Although thinking about your own death is never easy, making your end-of-life wishes explicit is really valuable, even if you’re young and healthy. Not only does a living will let you specify what kind of life-saving measures you would and wouldn’t want, it also takes the burden of having to make that decision off of your loved ones. The only problem? If you’re pregnant, your wishes may actually be ignored entirely: an Idaho law forces families to keep pregnant women on life support regardless of what they’ve indicated on their advance directives, according to Slate, and while at first that may seem like a useful loophole acknowledging that a woman might feel differently about her end-of-life wishes if she’s pregnant, the reality actually seems to be quite different. That’s because instead of protecting the rights of pregnant women to make the decision that feels best for them, the law appears to primarily function to take away their decision-making power all together.
To be fair, pregnancy isn’t exactly a time when anyone wants to think about ending up on life-support, and in most cases, women who choose to remain pregnant do so hoping that they and their babies will go on to be healthy, safe, and happy. Unfortunately though, that isn’t always the case. And when something tragic occurs, there isn’t just one outcome that would be best in all scenarios.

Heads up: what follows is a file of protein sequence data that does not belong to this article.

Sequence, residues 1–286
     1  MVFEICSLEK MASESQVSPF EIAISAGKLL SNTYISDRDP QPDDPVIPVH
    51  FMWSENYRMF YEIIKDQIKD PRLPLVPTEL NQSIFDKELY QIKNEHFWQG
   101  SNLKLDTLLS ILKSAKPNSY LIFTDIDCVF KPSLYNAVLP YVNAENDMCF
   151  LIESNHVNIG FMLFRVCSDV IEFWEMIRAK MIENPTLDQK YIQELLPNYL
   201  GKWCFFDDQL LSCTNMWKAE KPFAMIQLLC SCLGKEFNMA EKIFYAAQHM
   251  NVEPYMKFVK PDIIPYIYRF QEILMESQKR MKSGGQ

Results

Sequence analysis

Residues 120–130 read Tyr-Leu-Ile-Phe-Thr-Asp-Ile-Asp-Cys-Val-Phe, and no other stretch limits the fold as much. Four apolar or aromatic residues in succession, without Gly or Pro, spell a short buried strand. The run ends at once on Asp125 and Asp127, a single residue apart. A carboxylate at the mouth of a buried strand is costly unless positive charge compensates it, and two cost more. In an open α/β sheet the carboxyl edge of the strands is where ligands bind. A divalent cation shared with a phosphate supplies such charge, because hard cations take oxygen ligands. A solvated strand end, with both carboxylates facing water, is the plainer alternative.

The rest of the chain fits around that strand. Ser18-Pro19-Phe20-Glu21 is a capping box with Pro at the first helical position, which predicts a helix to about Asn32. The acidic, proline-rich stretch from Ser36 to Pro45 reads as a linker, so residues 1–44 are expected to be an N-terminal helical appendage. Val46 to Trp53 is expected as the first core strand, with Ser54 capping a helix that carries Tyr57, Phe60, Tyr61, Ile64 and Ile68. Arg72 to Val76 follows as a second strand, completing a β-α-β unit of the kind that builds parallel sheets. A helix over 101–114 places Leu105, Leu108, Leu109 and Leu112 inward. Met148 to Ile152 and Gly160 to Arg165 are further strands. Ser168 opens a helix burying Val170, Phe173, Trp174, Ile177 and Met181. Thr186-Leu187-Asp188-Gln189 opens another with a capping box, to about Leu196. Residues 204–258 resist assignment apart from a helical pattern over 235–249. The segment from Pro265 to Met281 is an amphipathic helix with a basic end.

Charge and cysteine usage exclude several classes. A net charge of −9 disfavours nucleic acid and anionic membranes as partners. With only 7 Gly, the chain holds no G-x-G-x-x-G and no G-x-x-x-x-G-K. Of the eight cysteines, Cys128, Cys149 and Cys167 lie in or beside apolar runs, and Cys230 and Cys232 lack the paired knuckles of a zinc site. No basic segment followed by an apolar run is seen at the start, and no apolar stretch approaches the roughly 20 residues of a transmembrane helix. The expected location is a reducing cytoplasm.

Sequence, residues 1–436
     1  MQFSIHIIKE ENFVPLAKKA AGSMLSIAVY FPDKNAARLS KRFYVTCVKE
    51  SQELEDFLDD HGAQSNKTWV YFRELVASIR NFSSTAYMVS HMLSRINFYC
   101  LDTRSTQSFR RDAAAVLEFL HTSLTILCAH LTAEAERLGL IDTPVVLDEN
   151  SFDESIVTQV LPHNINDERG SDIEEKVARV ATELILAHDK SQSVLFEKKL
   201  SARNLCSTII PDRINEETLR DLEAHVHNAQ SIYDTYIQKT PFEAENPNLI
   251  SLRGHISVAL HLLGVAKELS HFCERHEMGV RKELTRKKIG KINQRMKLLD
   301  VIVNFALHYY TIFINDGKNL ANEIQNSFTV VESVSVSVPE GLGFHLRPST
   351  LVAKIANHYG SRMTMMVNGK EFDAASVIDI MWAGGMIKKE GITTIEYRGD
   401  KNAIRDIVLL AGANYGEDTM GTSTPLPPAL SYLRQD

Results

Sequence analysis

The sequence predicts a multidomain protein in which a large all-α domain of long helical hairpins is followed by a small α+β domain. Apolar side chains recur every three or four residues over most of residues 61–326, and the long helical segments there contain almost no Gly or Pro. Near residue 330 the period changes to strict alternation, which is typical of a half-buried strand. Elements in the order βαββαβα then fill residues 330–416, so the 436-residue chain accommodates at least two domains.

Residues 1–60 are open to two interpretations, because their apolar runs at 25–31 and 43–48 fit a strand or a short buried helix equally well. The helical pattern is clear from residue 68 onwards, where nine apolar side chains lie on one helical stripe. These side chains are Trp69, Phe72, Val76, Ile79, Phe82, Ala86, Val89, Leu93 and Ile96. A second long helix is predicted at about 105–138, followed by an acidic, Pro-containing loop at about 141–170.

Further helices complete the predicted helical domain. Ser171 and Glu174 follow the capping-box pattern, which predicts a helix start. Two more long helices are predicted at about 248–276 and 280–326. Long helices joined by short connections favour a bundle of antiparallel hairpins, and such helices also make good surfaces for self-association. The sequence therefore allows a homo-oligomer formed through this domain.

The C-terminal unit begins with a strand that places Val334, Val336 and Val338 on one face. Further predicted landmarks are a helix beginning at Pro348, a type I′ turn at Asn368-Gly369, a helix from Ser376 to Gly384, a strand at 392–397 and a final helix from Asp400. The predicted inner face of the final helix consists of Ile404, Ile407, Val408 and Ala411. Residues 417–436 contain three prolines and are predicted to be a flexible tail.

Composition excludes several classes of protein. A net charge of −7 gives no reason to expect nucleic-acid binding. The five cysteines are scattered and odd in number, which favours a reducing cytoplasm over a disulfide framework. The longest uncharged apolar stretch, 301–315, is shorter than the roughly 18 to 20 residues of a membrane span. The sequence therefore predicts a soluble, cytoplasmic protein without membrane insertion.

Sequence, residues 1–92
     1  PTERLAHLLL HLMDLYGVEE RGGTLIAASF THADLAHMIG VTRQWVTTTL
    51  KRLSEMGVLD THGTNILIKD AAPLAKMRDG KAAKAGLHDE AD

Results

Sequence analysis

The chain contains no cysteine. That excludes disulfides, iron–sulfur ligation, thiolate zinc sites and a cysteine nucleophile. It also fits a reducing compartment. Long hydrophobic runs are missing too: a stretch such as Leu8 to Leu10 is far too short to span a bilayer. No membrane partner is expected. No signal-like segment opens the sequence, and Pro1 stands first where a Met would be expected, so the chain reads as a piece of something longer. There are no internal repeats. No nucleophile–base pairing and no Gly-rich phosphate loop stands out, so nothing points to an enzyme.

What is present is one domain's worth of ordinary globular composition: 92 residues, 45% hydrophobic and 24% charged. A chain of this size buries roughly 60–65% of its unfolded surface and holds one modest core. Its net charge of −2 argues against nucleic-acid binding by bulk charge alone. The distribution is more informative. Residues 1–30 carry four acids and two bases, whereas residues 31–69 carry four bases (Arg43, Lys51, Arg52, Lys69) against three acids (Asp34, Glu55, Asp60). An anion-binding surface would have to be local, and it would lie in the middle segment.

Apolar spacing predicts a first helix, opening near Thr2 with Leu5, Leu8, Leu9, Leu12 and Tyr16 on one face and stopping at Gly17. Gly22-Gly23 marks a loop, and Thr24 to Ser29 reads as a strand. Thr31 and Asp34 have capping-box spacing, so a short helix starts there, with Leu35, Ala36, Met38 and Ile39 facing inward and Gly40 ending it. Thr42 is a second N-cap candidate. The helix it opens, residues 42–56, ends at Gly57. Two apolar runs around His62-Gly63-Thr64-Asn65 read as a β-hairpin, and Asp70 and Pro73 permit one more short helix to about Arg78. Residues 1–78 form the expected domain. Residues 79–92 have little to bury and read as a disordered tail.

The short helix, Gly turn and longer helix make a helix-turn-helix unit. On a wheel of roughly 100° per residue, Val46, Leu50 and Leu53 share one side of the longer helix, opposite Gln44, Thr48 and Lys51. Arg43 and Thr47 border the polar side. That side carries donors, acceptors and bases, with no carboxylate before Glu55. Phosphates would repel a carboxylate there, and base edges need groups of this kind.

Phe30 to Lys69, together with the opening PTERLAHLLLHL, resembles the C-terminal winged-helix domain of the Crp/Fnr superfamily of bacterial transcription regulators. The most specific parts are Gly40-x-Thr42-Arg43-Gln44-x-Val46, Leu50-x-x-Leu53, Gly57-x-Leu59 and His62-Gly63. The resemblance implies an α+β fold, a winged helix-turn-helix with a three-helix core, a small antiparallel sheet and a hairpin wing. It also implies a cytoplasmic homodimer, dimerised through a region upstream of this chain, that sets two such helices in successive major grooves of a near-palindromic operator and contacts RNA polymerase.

For some women, the answer is that they would want to be kept on life support no matter what in order to give their baby a chance to be born healthy, while for others, the situation is more nuanced. Remaining on life-support indefinitely may not feel like the right choice to a woman who is very early on in her pregnancy, for example, nor may it be the right decision to a woman whose baby is unlikely to actually survive. In any case, it seems like that should obviously come down to the woman herself, taking into consideration her own personal beliefs and wishes, as well as the implications that each option may have on her child, partner or loved ones. After all, even a full-term, healthy child, would still need to be raised and nurtured in their mother’s absence: getting the baby to delivery is only the beginning.
It’s the kind of intensely complicated and emotional situation no one hopes to…
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